A section of less than 10 pages in the 2,000-page Patient Protection and Affordable Care Act has gotten scant attention from the general public, but the health reform law's Accountable Care Organization provision has generated outsized attention and some consternation in the medical community.
ACOs are supposed to provide a new model for care delivery. In the model, primary-care hospitals, doctors, surgeons and specialists would join forces in multilevel practices that would share risk with Medicare.
If they practiced in vertically organized, multilevel groups instead of as unrelated, independent actors, reformist thinking goes, providers would be more likely to take a global view of patients and thus provide high-quality care at relatively low cost.
Since the reform act's passage, ACOs have sparked a steady buzz of interest among providers. But as a deadline of Jan. 1, 2012, draws nearer for ACO implementation, few details have been forthcoming from the Centers for Medicare and Medicaid Services.
The Monroe County Medical Society plans an ACO informational program March 2. It bills ACOs as "a key element of health reform (whose) impact on the practice of medicine should not be ignored."
Still, an expert slated to speak at the event advises doctors to go slowly and not to assume they must join ACOs.
A month or so ago, MCMS executive director Nancy Adams spoke tentatively of sending out feelers to area health systems about the possibility of joining with private-practice physicians to form an areawide ACO. The Queens County Medical Society was forming such an organization, and if systems' interest could be piqued, one might well work here, she said then. But for now she is talking about a more cautious approach.
Representatives of Rochester's three main health systems have little to say about ACOs, pleading that they are largely in the dark about what ACO formation might entail.
"There's been some stepping back to make sure what infrastructure is needed and what the cost of getting into it would be. Right now, there are a lot more questions than answers," said Diane Ashley, president and CEO of the local hospital group, the Rochester Area Healthcare Association Inc.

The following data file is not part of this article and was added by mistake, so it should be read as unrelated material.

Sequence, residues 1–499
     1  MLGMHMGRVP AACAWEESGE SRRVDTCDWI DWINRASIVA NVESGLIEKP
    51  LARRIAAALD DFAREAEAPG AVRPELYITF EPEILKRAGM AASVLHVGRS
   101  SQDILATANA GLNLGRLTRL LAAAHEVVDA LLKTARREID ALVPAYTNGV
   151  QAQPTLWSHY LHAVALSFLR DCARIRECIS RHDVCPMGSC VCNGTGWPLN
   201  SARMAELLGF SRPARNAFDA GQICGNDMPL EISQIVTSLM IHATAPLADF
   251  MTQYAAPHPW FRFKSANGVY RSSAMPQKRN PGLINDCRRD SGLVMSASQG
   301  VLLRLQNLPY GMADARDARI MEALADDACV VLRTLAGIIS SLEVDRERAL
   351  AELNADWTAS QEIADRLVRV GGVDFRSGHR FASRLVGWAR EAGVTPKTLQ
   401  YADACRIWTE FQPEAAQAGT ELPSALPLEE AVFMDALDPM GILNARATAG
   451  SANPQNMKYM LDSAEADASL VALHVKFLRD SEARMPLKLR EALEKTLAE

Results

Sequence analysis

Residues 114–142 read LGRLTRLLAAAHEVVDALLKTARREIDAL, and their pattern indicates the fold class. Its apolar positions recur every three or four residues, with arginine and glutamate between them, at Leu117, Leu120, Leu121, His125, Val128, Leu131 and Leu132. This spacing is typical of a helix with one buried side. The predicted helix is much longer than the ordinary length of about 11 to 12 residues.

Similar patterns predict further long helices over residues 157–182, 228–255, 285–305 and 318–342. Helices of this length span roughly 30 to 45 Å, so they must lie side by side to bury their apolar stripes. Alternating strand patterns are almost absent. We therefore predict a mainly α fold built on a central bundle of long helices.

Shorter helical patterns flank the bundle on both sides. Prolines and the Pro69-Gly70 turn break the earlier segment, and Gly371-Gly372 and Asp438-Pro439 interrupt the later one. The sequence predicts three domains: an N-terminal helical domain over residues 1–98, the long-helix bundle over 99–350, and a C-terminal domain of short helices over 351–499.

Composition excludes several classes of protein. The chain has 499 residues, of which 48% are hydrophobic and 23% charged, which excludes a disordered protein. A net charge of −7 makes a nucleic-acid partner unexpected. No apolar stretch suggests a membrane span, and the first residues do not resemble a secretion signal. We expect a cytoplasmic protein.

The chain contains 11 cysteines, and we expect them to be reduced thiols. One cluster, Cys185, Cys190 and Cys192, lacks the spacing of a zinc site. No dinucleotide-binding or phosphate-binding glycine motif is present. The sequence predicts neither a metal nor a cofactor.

A Healthcare Association survey of area providers last September found that 43 percent of area hospitals said they were investigating ACO formation, with interest skewed toward the larger institutions, Ashley said. More are probably looking into it now, she said. But like her own organization, most probably are more concerned about the prospect of Medicaid cuts by the state.
In addition to the 2012 federal ACO implementation, state regulators are weighing a state version that could extend beyond Medicare, Ashley said. In either case, which groups might be eligible to form or run ACOs is not clear.
ACO proponents cite results achieved by organizations such as the Geisinger Health System in Pennsylvania, the Mayo Clinic in Rochester, Minn., and Kaiser Permanente in California, which have long operated along lines described in the health care act's ACO provisions.
Locally, the Greater Rochester Independent Practice Association, a physician group affiliated with Rochester General Health System, is organized similarly and boasts good clinical results and cost control. Members include private-practice doctors affiliated with RGHS and the system's employed physicians. Some doctors affiliated with Unity Health System are also members.
GRIPA is looking at forming an ACO, board members of the roughly 800-doctor group recently told the Rochester Business Journal. Still, the association is moving cautiously and not yet sure how far it might go toward forming an ACO, said Joseph Vasile M.D., the group's president and CEO. Too much remains to be learned to make any commitment.
One of two presenters scheduled to speak at the Medical Society's meeting, Michael Schoppman, is a partner of Kern, Augustine, Conroy & Schoppman P.C., a law firm focused on health care with offices in New Jersey, New York City, Long Island, Philadelphia and Chicago.
A premature rush to join an ACO could leave doctors open to legal liability and substantial unanticipated costs, Schoppman wrote in a recent advisory for physicians. Doctors who join a poorly organized ACO could be hit with antitrust or fraud allegations, he warned.
The Federal Trade Commission and the Justice Department have policed doctor groups in the past to keep physicians from agreeing on rates charged to third-party payers. In the FTC's eyes, such agreement constitutes price fixing. How antitrust laws might apply to ACOs is not clear, Schoppman said. Likewise unclear is whether the Health and Human Services Department would waive fraud and abuse laws that could conflict with ACOs.
The FTC so far has allowed only three physician organizations to negotiate fees with payers. One is GRIPA, which invested some $2 million in computer hardware and software and spent more than a year dealing with the FTC to gain certification as a clinically integrated organization.
Another ACO provision is giving pause to smaller Rochester-area health systems and hospitals, Ashley said. The act requires ACOs to have a minimum of 5,000 standard Medicare enrollees. But many local Medicare enrollees are signed with Medicare Advantage HMO plans such as MVP Gold, making that threshold impossible for all but the largest area health systems to reach.
Still, Ashley added, given the advantages that might be gained, "ACOs are not something anyone can afford to ignore."
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